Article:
Calif. K-9 takes down first perp

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    kwflatbed Subscribing Member MC1+MC2 +MC3 91K+Poster

    By Mary Weston
    The Chico Enterprise-Record

    OROVILLE, Calif. — An Oroville Police Department canine took down a man suspected of stealing a small motorcycle, and who while fleeing had assaulted a police officer.
    "Barricade performed flawlessly apprehending the suspect as he was trained to do," said Oroville Police Chief Kirk Trostle.
    Officer John Sanzone and his police K-9 Barricade, along with officer Dave Bryning, went to an alarm at Oroville's Tractor Supply Co. at 5 a.m. Thursday, according to an OPD press release.
    Officers found Kenneth Gardener, 38, of Oroville, trying to remove a small motorcycle from the fenced area on the north side of the business. Sanzone ordered the man to the ground in order to arrest him. However, Gardener ran from the fenced area and jumped on his bicycle to flee from the officers.
    When Gardener tried to ride past Sanzone, the officer told him to stop or he would use his Taser stun gun. Still, the suspect allegedly charged the officer on the bicycle. Sanzone fired his Taser, striking Gardener in the chest, but it didn't affect the suspect, who kicked Sanzone in the upper thigh, buckling him to the ground.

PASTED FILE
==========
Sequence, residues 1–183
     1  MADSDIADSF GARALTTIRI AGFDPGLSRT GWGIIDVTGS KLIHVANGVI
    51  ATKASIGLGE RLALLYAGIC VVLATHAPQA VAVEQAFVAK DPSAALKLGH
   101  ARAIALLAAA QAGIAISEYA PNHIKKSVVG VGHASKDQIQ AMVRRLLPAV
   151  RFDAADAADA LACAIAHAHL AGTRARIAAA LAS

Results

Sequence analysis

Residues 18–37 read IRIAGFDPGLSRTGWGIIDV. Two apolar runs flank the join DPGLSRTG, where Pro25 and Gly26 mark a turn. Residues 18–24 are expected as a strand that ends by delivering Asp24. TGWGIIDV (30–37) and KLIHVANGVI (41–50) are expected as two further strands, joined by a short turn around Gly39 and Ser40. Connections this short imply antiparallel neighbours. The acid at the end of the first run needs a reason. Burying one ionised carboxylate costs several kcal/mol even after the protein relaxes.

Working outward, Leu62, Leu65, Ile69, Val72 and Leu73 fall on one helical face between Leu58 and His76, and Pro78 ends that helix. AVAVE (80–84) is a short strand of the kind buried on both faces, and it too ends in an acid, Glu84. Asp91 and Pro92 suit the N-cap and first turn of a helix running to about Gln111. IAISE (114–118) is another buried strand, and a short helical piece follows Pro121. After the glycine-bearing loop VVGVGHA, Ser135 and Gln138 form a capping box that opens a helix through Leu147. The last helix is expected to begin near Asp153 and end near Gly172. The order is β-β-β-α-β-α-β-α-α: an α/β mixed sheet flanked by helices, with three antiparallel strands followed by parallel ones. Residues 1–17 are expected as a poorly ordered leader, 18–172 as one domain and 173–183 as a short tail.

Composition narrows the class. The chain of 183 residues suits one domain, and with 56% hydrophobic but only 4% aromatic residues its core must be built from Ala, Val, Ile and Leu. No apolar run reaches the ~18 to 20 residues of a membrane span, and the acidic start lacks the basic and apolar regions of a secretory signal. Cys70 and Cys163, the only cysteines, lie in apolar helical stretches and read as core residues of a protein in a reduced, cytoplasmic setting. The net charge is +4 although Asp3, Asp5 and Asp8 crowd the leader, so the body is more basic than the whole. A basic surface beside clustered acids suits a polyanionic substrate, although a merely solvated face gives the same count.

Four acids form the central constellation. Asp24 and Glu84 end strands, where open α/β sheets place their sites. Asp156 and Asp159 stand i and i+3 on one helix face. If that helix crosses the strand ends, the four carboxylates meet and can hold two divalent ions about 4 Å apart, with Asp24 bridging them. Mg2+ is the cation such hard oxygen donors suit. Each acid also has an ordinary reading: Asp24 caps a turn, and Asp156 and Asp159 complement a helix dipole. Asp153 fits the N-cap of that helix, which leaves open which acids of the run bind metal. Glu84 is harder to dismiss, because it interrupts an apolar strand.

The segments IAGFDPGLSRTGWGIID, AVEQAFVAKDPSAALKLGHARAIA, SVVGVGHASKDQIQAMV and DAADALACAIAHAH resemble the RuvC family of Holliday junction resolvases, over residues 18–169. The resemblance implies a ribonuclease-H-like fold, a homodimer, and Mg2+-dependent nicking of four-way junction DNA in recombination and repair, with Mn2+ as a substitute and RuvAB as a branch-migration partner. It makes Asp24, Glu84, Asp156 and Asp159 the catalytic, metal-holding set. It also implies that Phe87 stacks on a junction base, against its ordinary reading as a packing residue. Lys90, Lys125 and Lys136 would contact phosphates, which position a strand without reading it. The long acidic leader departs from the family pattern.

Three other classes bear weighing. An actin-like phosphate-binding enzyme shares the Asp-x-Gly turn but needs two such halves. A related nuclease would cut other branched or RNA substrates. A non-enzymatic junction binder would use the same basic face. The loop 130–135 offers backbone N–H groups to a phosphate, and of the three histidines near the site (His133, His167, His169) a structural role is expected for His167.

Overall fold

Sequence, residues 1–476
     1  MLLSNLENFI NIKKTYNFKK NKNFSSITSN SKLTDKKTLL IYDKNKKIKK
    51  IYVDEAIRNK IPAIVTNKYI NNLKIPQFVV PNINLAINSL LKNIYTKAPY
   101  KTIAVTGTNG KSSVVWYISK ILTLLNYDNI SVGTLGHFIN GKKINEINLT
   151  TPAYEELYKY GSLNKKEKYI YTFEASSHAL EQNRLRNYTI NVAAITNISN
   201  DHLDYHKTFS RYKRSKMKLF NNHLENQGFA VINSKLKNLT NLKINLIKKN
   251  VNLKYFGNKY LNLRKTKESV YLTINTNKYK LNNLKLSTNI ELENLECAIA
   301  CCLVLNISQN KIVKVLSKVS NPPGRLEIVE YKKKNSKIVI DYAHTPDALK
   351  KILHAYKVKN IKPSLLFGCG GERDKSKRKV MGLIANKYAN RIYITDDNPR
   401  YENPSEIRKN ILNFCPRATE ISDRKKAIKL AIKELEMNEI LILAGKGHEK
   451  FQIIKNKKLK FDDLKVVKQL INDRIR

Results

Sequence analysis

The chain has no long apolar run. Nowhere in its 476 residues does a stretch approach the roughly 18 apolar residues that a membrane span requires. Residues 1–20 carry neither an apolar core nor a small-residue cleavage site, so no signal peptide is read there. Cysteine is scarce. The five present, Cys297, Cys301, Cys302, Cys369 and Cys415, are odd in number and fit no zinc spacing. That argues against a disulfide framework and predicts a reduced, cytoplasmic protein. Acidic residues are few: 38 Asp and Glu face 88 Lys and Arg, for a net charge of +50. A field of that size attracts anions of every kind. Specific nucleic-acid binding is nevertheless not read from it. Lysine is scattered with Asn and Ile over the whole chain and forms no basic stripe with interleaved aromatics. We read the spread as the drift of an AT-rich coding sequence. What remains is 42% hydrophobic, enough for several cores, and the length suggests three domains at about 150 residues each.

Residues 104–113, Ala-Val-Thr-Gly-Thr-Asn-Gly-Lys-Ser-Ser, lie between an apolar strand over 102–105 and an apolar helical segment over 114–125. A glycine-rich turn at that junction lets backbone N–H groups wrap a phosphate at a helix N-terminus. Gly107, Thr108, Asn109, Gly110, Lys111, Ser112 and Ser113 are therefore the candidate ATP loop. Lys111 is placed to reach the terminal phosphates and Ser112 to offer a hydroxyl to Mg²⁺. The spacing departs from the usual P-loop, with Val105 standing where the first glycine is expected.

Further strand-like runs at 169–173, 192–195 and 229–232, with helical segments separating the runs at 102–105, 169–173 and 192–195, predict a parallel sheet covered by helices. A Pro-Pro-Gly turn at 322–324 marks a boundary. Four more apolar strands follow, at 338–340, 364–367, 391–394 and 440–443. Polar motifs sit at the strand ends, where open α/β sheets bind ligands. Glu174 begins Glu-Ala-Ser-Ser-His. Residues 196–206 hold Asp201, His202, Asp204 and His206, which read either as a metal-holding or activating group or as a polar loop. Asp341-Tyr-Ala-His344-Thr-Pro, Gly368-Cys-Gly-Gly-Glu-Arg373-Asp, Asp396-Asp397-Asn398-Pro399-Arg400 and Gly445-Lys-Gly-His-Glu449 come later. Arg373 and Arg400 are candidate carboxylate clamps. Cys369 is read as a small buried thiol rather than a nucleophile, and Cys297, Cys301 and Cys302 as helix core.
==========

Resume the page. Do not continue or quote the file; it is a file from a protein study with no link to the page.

Officer Bryning forced Gardener from the bicycle, but he refused orders to stop and ran off.
    Officer Sanzone used his remote door opener to release Barricade from the back seat of the patrol car. Barricade jumped out and chased Gardener down as he ran, biting him in the upper arm and pulling him to the ground.
    Gardener was handcuffed after a short struggle. He was booked into the Butte County Jail for theft, drug-related crimes and assault on a peace officer causing injury.
    Sanzone was treated for injuries and released.
    This was the Police Department's first use of the canine officer to apprehend a fleeing suspect. "Barricade was instrumental in his use not only by apprehending the suspect but also during a time when his handler was temporarily immobilized by injury," according to the press release.
    Trostle said the canine and the officer had been training together for four weeks. "The handling officer and the canine performed exactly as trained," Trostle said.

    [​IMG]Wire Service

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